Sitting on the white crystal sand that makes up Siesta Key Beach, it’s difficult to resist the urge to scoop it into piles and begin sculpting. Its fine consistency allows for tight packing, and the beach provides a convenient medium for beachgoers to tap into their inner artist and get creative.
This Saturday, May 4, aspiring sand sculptors can put their skills to the test at the 41st annual Siesta Key Sand Sculpture Contest.
Sarasota County Parks and Recreation beach event coordinator Jonathan Poyner has been involved with the contest for four years, and he says he can relate to the natural urge to turn sand into art.
“I think we’re all kids at heart,” he says. “At some point, we’ve all filled buckets with sand, and when we were kids, we had that sense of adventure. It really brings you back. Even just watching other people sculpt can remind people of their childhood.”
About 40 competitors of all ages and skill levels will come, buckets and shovels in hand, to Siesta Key Beach to compete in the four categories, including adult humorous; adult miscellaneous; youth ages 11 to 17; and children ages 10 and younger.
This year, sunscreen company Ocean Potion, a sponsor, will offer an area filled with umbrellas, beach chairs and featuring a professional sand sculptor performing demonstrations. Other event sponsors include: Observer Media Group; Visit Sarasota County; the Siesta Key Chamber of Commerce; the Siesta Key Village Association; the Best Western Plus: Siesta Key; and The Broken Egg.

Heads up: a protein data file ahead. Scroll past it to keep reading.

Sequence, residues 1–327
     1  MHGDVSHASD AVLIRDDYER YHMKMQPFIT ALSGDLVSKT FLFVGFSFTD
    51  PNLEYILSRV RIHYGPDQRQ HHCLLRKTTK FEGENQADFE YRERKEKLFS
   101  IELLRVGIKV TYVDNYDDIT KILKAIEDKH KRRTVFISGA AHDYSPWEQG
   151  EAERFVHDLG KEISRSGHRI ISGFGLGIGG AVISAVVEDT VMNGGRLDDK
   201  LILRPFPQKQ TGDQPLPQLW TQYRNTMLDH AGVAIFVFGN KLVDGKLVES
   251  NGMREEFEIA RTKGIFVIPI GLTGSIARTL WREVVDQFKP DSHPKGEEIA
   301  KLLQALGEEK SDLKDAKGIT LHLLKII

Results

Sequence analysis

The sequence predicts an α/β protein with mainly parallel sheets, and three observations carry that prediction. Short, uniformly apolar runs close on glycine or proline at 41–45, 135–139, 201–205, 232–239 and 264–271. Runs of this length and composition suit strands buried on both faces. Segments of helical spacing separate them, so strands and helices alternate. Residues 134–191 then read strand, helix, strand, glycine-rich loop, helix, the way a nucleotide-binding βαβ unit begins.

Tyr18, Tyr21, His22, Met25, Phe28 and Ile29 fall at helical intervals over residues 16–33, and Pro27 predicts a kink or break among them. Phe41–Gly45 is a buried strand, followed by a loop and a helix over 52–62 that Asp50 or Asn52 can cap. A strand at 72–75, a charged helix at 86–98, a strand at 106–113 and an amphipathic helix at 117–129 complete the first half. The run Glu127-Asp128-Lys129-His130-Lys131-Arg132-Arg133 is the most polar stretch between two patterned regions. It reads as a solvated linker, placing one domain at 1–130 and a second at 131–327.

This year’s contest offers $1,500 in total cash prizes, and Poyner says the event is a great starting point for local sculpting enthusiasts with aspirations to turn professional.
“Sculptors who hope to be a professional can get some experience and exposure,” he says. “We’ve had a few people go on to have successful professional careers, like Brian Wigelsworth, who won three years in a row.”
Last year’s winner, Andrew Dailey, says he only began sand sculpting two years ago, after his fiancé encouraged him to try it. The tattoo artist and painter says the Siesta Key Sand Sculpture Contest was his first real competition.
“Some of my two-dimensional skills transfer, but it’s a lot different,” he says of sand sculpting. “I get a little better every time, and our Siesta Key sand is gorgeous. I’ve competed in other contests around the state, and our sand packs much tighter and you can build much taller with it.”
Regardless of skill level, anyone is invited to compete or just admire the work of others.
“My favorite part is that it gives the community something to do with family or friends for free,” says Poyner. “And, it provides people an outlet to express their artistic abilities.”
If you go
Siesta Key Amateur Sand Sculpture Contest — takes place from 8:30 a.m. to 2 p.m. Saturday, May 4, at Siesta Key Public Beach. Same-day registration. Free entry. Call 861-5000. Judging takes place at 1 p.m.
Andrew Dailey, winner of last year’s contest, lends his advice to newcomers.
Plan ahead — “Get an idea of what you want to sculpt, and maybe draw out a few sketches beforehand. If I’m working on something complicated, I’ll pull up a few photos on my phone for reference.”
Practice makes perfect — “My fiancé and I go to the beach all the time, and I just play. I don’t usually plan; I just start moving sand and see what comes out.”
Wetter is better — “You can’t get the sand too wet before you start sculpting. Make sure it’s really wet and packed really tightly before you start.”
Order of operations — “It’s kind of common sense, but make sure you sculpt from the top down, or else you’ll drip sand down onto the detail you just worked so hard on.”
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